Filipino cuisine got a big boost this month as it is featured in two food-centric television shows, The Great Food Truck Race and No Passport Required.
The food of the Philippines, long overlooked in favor of the food of Asian neighbors, Vietnam, Thailand, China, Korea and Japan, took a big step into American kitchens this month when the food truck Lia’s Lumpia food truck made it into the finals of The Great Food Truck Race and famous chef Marcus Samuelsson checked out Filipino American restaurants in Seattle for the first episode of the second season of No Passport Required.
The Great Food Truck Race, held its finale Wednesday (Dec. 18) with Lia’s Lumpia, crewed by amateur chef Hunter Spencer, his mom Lia Santos-Hunter and friend Tanya Garcia, during the winter, a far cry from the San Diego, Calif. climate they’re used to.
In the finale, Lia’s Lumpia was squared off against the Big Stuff food truck manned by Brad Brutlag and Eddy Cumming, two professional chefs who work on private yachts for very picky and wealthy clients. They were joined by their marketing whiz friend Mike O’Neill.
They were the final two trucks in the shortened four-episode season which took place in wintry New England with five-trucks in the competition.
From the beginning, Lia’s Lumpia had to overcome the New England customers’ unfamiliarity with Filipino food by serving up familiar New England flavors, such as turkey stuffing, apple pie or lobster mac’n cheese in lumpia wrappers.
In the end Big Stuff won the competition, serving up items in tacos didn’t have to explain their food because Mexican-inspired tacos have become part of America’s diverse cuisine.
But because of their efforts to always to proudly present their Filipino heritage through their lumpia and adobo, New England is a little bit richer and little bit more aware even as Lia’s Lumpia introduced their traditional pork shanghai lumpia and chicken adobo.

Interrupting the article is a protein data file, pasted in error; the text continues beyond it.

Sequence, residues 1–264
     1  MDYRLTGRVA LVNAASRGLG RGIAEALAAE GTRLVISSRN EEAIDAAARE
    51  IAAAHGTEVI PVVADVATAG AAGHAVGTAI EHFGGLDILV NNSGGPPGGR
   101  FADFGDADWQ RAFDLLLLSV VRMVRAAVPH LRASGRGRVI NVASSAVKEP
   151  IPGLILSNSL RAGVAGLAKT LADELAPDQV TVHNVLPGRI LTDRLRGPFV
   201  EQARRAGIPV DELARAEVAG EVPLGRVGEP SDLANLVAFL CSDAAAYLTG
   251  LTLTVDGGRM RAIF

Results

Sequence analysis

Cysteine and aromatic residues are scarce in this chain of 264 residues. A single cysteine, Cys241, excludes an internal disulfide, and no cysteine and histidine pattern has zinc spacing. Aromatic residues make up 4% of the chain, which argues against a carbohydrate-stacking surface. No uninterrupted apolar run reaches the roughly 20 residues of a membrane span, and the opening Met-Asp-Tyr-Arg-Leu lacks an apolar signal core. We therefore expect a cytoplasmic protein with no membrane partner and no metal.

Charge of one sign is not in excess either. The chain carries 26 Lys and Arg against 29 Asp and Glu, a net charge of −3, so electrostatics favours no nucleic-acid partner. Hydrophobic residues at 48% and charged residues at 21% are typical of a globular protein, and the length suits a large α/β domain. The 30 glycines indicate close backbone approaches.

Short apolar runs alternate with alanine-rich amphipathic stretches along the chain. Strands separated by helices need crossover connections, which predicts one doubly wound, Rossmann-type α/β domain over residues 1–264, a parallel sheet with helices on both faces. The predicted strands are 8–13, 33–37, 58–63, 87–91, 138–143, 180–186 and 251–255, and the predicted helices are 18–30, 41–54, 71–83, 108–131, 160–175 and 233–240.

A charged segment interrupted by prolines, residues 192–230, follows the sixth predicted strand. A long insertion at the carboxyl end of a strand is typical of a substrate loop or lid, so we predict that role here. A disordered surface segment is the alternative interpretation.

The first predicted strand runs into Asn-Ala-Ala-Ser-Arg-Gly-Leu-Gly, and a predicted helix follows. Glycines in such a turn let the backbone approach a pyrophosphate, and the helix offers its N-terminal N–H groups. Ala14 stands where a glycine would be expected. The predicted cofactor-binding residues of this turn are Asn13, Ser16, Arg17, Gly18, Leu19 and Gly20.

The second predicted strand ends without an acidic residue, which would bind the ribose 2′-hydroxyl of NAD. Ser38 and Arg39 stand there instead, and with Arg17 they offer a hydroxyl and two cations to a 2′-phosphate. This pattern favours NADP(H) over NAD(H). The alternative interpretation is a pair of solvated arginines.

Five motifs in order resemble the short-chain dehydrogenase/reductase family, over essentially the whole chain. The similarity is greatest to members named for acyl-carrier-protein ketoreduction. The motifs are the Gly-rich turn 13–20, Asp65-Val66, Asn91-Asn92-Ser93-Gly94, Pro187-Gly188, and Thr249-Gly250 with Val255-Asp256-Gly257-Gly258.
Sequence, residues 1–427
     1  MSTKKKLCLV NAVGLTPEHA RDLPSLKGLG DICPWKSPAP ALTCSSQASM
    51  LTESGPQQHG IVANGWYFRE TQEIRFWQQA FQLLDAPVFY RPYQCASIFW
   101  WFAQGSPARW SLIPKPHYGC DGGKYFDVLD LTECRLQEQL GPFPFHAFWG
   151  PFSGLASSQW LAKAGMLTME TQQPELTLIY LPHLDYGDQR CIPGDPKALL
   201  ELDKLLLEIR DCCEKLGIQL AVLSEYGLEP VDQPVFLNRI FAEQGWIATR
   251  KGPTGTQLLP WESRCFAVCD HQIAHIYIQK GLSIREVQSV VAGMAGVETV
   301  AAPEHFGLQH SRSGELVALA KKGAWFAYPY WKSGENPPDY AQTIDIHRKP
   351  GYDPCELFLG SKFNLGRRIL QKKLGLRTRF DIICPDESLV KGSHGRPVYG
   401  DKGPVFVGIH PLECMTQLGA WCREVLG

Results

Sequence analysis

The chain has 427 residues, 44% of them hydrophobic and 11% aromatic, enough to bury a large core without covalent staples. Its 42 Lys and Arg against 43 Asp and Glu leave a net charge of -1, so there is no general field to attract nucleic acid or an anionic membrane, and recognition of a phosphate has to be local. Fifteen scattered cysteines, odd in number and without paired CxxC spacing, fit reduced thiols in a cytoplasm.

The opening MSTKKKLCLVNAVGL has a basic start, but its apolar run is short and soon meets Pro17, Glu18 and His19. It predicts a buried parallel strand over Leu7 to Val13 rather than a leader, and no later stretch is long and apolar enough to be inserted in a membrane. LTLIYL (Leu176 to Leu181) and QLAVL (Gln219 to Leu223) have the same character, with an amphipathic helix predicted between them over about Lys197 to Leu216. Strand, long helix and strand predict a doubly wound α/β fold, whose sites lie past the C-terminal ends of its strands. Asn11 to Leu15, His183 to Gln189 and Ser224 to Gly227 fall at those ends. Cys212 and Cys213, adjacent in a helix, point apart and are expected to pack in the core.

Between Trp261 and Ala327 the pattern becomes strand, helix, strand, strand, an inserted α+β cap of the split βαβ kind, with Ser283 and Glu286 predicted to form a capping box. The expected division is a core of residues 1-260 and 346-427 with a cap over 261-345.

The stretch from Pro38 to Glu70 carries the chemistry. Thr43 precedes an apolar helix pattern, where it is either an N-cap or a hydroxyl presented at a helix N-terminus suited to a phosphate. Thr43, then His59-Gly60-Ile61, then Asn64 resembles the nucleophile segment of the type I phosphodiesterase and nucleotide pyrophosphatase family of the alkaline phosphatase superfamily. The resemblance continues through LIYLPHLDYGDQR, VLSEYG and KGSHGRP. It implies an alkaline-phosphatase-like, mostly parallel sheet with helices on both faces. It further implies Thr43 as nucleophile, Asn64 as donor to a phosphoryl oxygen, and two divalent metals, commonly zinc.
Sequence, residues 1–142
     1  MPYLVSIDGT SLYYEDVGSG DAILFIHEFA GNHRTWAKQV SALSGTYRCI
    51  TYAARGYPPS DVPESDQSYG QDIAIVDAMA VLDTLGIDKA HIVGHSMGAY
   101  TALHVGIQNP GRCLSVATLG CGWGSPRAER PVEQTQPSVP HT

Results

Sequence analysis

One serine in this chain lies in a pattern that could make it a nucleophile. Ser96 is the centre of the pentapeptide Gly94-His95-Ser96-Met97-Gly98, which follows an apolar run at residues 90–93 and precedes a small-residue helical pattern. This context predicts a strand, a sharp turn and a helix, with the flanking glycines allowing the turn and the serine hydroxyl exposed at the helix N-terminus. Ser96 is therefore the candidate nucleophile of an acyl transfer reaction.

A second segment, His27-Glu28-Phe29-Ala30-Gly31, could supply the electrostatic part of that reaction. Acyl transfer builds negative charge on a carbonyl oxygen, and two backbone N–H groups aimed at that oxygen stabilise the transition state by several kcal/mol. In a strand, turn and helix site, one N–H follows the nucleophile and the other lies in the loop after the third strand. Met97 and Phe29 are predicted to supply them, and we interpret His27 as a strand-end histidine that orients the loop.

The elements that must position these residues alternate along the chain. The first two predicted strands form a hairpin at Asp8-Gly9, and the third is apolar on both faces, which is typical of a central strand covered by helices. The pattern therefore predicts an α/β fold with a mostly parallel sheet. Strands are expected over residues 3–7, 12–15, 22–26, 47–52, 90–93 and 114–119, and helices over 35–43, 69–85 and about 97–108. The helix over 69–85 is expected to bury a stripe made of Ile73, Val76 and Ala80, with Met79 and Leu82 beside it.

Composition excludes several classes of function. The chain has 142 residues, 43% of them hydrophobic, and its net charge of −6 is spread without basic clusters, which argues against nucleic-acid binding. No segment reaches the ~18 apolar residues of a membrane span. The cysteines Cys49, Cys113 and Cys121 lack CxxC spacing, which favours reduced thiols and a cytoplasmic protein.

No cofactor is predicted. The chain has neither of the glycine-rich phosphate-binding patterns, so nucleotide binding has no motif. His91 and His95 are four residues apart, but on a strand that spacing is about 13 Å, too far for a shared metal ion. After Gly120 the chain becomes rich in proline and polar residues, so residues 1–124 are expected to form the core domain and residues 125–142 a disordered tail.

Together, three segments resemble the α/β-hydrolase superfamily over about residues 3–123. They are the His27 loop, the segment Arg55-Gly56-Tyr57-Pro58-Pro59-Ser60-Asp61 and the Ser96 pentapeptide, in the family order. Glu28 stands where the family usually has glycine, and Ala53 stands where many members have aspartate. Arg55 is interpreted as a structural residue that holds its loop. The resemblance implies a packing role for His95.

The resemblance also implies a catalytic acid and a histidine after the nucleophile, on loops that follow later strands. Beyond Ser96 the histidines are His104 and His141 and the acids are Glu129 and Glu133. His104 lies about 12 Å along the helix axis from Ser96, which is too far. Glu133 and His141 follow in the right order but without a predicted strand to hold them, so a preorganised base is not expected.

Meanwhile, on the opposite coast, Samuelsson, who made his mark with his award-winning restaurant Red Rooster Harlem, went to Seattle, where he spent time with immigrant and second-generation Filipino Americans who are taking charge of their city’s food scene.
As Filipino food gains more national, mainstream recognition, members of the community are working to tell the story on their own terms. In this episode, Marcus meets chefs and restaurateurs who have been serving Filipino food in the city for decades, including in Seattle’s iconic Pike Place Market, and also gets to know younger chefs and entrepreneurs to see how they put their spin on their culture’s food traditions.
What I love about the premise of Sanuelsson’s show is he uses food as the entryway to the ethnic community. In the episode, Dorothy Cordova, leader of the Filipino American National History Society headquartered in Seattle, explained the immigration history of Seattle’s Filipino American community.
Also, activist/comedian Sara Porkalob was able to tell Samuelsson how the ethnic enclave of Seattle’s International District created a mini-UN of different ethnicities and how they were forced to ally themselves with each other to counter the racism they encountered.
From chicken adobo to ube cheesecake, with longganisa, arroz caldo, and lots of lechon in between, the food in this episode represents a community that’s proud of its history and its future.
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